Glycine can be naturally found in animal meat, dairy products, gelatin, and legumes.


Although elastin is not as abundant in connective tissue as collagen is, it is still very important. Elastin essentially has the property of being elastic -- it is what allows you to be flexible.

Where collagen is similar to the shape and elasticity of a shoelace, elastin is shaped very curly and is very elastic. When you expand your elastin it stretches causing tension, the more you stretch the more tension and then when not stretching it snaps back into its original form.

It is elastin that is responsible for your skin, artery walls, lungs, and intestines to expand and contract. Elastin forms a three-dimensional structure around collagen providing softness and elasticity to your body.

To have a better picture of elastin let’s look at an elastic band around a newspaper. When you first get the newspaper it is rolled up tight held with an elastic band protecting the inside pages. If you were to stretch the elastic band, the first few times it would snap right back into place but over time if you were continuously stretching the band it will lose its ability to snap back as tightly. This would cause the newspaper to not be rolled as tightly and therefore the inside pages won’t be as protected as they were from the start.

Connective Tissue Types

Now that you have a better understanding of what connective tissue is made of, let’s look at the different types of connective tissues in your body.

Loose Connective Tissue

Loose connective tissue is the most common connective tissue in vertebrates (animals with a backbone/spine). This is the tissue in your body that holds your organs in place. It gets its name from the construction of the fibers as it looks to be weaved together with lots of spaces in between.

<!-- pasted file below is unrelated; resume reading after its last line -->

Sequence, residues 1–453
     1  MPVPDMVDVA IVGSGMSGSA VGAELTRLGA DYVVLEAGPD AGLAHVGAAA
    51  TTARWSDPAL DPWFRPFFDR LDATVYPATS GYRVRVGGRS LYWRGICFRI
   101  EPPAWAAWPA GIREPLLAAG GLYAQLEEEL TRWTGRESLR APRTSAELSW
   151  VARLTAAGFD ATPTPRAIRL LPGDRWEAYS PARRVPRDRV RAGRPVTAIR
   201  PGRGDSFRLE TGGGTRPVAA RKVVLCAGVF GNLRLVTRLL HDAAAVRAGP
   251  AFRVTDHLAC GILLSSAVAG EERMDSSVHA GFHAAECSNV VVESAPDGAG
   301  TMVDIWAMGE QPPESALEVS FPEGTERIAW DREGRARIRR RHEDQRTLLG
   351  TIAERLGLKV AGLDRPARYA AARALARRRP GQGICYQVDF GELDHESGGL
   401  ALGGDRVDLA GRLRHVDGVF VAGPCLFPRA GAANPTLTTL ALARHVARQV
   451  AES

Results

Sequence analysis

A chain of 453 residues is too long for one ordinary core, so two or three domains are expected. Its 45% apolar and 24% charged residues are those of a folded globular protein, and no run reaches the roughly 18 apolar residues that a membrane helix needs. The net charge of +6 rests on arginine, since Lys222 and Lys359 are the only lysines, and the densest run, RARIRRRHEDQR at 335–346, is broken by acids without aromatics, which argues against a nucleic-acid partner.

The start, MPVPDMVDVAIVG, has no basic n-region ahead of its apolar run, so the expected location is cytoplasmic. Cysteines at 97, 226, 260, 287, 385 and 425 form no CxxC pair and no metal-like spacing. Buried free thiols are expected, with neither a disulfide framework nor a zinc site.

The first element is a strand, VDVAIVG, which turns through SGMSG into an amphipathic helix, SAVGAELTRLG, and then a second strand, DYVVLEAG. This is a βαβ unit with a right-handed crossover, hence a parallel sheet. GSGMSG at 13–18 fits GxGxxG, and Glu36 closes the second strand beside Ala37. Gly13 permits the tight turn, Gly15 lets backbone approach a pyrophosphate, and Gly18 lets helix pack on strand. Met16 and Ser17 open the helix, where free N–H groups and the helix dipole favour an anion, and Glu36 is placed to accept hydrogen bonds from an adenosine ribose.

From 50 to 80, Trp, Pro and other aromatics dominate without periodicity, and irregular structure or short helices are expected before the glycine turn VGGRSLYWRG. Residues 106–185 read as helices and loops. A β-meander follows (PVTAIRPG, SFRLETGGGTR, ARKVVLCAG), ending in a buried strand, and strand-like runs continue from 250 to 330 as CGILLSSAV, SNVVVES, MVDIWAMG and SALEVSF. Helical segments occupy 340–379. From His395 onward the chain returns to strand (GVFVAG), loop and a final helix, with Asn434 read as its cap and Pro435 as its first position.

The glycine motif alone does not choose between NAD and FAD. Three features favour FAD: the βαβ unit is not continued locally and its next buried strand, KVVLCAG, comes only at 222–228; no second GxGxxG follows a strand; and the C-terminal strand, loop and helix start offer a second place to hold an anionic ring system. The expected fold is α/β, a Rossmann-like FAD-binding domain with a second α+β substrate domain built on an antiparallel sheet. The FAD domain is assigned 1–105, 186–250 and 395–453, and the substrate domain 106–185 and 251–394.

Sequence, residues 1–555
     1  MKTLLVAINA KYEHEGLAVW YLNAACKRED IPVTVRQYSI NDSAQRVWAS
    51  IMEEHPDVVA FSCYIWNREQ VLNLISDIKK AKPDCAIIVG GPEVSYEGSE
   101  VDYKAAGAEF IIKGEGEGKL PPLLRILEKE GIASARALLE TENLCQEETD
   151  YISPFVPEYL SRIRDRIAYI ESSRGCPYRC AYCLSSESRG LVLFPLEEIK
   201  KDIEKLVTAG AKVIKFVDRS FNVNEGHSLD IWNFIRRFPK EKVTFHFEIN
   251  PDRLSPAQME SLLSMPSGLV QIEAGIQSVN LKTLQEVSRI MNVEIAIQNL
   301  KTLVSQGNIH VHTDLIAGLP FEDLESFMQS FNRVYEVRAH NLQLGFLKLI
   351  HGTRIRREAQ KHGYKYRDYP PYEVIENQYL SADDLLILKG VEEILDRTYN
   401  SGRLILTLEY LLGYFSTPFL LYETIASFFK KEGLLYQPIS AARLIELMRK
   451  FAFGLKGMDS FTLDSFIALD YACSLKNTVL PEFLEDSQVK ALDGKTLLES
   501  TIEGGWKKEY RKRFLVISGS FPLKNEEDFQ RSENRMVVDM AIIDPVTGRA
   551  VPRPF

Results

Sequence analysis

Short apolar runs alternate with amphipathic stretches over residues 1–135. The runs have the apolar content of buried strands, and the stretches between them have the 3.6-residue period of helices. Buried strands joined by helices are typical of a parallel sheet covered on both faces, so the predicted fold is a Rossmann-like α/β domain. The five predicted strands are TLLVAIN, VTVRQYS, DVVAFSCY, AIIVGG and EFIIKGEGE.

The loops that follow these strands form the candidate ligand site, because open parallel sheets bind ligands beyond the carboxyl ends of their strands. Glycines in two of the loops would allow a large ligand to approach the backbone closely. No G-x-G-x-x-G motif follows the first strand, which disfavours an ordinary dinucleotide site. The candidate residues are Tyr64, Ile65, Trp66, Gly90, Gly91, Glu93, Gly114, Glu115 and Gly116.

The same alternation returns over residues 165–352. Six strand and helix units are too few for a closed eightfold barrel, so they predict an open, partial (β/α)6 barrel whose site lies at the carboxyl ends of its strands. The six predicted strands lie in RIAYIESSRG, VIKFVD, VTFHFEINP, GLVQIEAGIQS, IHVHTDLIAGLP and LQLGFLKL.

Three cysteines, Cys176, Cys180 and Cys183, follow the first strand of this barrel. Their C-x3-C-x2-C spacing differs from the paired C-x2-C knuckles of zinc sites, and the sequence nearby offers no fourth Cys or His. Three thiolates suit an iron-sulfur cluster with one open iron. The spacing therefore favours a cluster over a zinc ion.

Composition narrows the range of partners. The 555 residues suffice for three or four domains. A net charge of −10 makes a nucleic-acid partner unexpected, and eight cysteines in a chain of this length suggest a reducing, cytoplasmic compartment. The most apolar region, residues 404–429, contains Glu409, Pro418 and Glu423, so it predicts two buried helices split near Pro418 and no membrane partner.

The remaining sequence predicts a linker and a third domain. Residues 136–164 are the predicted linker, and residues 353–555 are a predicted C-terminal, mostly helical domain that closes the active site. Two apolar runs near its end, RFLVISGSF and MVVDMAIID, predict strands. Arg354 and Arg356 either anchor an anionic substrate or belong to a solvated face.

Dense Connective Tissue

Dense connective tissue can be found in your tendons and ligaments. This connective tissue helps attach muscles to bones and also to link your bones together at the joints. It also forms a protective layer around many organs including the liver and kidneys. This tissue gets its name as it is comprised of densely packed collagen known as collagenous fibers. It is much thicker and stronger than the previously mentioned loose connective tissue.

Specialized Connective Tissue

Specialized connective tissue actually comprises several different tissues into this one category, including: adipose tissue, cartilage, bone tissue, blood and lymph.

Adipose tissue (fat) is a specialized connective tissue that is loose and lines organs and body cavities to protect your organs and insulate your body against heat loss.

Cartilage is similar to the dense connective tissue in tendons and ligaments but is more of a rubbery gelatinous structure. Cartilage is flexible and supports many structures in your body including your nose, ears, and trachea.

Bone tissue is comprised mainly of collagen and calcium phosphate, which gives your bones firmness.

Believe it or not, both blood and lymph (lymphatic fluid) are actually considered connective tissues as well! Blood serves to connect organ systems together. The same is seen with lymph as this fluid connective tissue transports white blood cells throughout your whole body protecting you from pathogens (infectious microorganism such as bacteria or a virus).

Keeping Connective Tissue Connected

As you now know, connective tissue is primarily made of two protein compounds -- collagen and elastin. Collagen being the most plentiful is mainly comprised of three amino acids -- proline, lysine, and glycine. A lack of any of these amino acids or proteins can cause a lack of structure within your body and this will put you at a greater risk for injury. It is recommended for everyone to maintain a healthy balanced diet to ensure your body is receiving the proper amino acids.

There are some scenarios where the natural production of proline and glycine and naturally found lysine within food will not be enough -- referring back to the example of the professional baseball pitcher, in order to prolong their career, they need to maintain healthy connective tissue through these amino acids in supplement form. It is always recommended to consume the highest quality NSF Certified for Sport protein supplement that you can find.

To learn more about the building blocks of protein and where to find them check out Amino Acids, Branded-Chain Amino Acids, and Non-Essential Amino Acids.